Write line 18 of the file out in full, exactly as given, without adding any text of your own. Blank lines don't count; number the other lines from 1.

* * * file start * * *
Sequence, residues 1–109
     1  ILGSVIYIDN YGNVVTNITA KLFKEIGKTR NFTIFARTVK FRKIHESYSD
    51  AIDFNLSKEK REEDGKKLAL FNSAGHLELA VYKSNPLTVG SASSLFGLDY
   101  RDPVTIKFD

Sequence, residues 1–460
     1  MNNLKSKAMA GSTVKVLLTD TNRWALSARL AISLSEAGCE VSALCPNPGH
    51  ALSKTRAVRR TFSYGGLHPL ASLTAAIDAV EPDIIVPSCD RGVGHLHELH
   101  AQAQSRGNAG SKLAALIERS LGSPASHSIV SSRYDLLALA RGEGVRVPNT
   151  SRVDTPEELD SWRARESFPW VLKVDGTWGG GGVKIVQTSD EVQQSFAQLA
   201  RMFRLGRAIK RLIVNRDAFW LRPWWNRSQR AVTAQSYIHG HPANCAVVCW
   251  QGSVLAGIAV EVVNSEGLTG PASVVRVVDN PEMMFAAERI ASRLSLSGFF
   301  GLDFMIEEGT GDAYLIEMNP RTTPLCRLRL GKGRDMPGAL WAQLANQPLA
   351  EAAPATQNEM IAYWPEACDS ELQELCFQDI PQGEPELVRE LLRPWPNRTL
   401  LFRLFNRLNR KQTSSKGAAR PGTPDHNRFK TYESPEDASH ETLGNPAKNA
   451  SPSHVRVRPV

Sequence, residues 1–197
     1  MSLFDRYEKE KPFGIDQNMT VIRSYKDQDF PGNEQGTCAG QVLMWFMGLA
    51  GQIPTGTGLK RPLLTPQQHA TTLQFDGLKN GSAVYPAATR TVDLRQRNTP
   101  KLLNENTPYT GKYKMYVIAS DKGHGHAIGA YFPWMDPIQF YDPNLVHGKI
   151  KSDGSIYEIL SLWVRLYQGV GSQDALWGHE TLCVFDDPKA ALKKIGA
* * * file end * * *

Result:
    51  GQIPTGTGLK RPLLTPQQHA TTLQFDGLKN GSAVYPAATR TVDLRQRNTP